Oyster Tasting

2012-08-24

I recently started eating raw oysters at home as appetizers. I was at Pike Place Market and looking at oysters when I asked if I could eat these raw. "Yeah but you need a shucking knife." responded the oyster guy. Preparing raw oysters at my house had never really occurred to me before. Because of them being raw I felt like they needed to be prepared in a professional restaurant environment but after purchasing a shucking knife I found it was remarkably easy.

Shucking is not too hard (But not too easy either). Here is a 3.5 minute video on how:

http://www.youtube.com/watch?v=Uy-rbEXFwLw

Note: the glove is very important. The first time I tried shucking I just held the oyster in my bare hand and ended up stabbing myself very badly. If you don't have a glove, just get a dish towel and fold it and use it to hold the oyster. Also I wouldn't try using any other kind of kitchen knife, the shucking knife is built very strong and a regular knife would likely be damaged.

I recommend going specifically to a seafood shop to buy the oysters and make sure you ask them if they are OK to eat raw.

You'll find you can buy 1 dozen oysters for anywhere between 6-15 dollars at a store. Depending on which restaurant you get them at they will cost you considerably more. I've seen them for as much as $30.00 a dozen. Considering how they aren't even cooked this seems like a waste of money. If you wanted to duplicate a restaurant's braised lamb it might be a difficult task, but oysters will taste exactly thew same whether you eat them at a restaurant or at home.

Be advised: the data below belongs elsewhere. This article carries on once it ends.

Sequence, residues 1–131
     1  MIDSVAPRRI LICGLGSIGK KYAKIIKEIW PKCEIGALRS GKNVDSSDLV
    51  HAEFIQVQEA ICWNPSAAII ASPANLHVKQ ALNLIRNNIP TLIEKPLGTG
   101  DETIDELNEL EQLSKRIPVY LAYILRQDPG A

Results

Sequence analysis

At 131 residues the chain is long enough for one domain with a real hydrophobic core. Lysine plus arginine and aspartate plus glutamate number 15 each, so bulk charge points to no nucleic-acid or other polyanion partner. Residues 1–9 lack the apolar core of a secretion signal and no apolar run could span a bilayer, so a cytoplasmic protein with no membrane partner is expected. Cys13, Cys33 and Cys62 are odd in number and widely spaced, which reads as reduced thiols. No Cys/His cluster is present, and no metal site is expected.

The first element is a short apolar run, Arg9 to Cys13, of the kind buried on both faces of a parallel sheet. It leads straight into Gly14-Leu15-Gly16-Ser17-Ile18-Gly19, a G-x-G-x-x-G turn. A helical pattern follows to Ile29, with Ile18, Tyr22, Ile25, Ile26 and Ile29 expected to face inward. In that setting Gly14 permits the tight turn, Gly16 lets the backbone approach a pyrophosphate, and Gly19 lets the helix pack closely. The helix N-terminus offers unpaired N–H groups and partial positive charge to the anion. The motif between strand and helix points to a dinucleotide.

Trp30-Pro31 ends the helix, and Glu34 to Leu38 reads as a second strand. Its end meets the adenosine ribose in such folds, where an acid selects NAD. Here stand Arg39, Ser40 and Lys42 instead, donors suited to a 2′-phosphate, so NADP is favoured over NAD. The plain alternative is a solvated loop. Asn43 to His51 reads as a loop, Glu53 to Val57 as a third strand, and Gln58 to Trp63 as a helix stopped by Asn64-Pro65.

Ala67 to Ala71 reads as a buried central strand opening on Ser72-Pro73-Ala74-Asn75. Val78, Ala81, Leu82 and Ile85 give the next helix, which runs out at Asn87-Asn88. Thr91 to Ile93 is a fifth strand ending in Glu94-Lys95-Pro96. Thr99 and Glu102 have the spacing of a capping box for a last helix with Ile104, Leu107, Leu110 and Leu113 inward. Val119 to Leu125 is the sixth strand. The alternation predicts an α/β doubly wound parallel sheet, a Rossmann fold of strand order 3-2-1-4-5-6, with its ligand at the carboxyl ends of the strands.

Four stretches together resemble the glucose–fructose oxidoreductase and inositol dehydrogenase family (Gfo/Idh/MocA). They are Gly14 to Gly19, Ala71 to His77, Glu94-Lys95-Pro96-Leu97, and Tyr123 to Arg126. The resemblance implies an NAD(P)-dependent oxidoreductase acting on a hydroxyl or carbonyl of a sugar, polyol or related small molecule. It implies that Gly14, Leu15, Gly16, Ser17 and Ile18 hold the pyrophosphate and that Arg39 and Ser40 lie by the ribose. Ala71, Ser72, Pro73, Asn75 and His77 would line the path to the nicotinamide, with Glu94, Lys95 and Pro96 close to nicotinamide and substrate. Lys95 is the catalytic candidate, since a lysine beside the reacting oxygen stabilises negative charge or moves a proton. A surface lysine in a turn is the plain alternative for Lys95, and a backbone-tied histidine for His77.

I decided to do an oyster tasting as the place where I get oyster has 6 different kinds. I made three categories in which I rated the oysters in using a 1-10 scale. The first category is ease of opening, the second is taste and the third is texture.

I did not look at the price of each oyster while I was doing the tasting to avoid bias. Between each oyster I took one shot of sake to cleanse my palate. I got two of each kind of oyster so I could try one with lemon and one without. The prices are for 2 oysters except the Totem Point which is huge and only 1 oyster.

Here are the results:

Type Penn Cove Hood Canal Quilcene Totem Point Kumamoto Kusshi
Price $1.50 $1.50 $1.00 $.75 $2.84 $2.50
Openability 2 6 1 7 3 6
Taste 6 5 8 4 4 6
Texture 5 7 4 5 3 4

Overall my favorite was the Quilcene. Ironically the most expensive two got very low scores. Also the best tasting oysters seemed to be the hardest to open. The Totem Point is a huge oyster, perhaps 6-8 inches long and 2 inches wide. The meat tastes good but there is so much of it that it overwhelms you. I think this oyster is better used for cooking where it can be cut up. The Kusshi's taste was one that varied widely with and without lemon. It was neutral bordering on bad but with some lemon squeezed on it it become one of the better tasting oysters.

At some point in the future I may add more oysters if I find them in the store. So if you're like me and love raw oysters, go enjoy some without spending a fortune.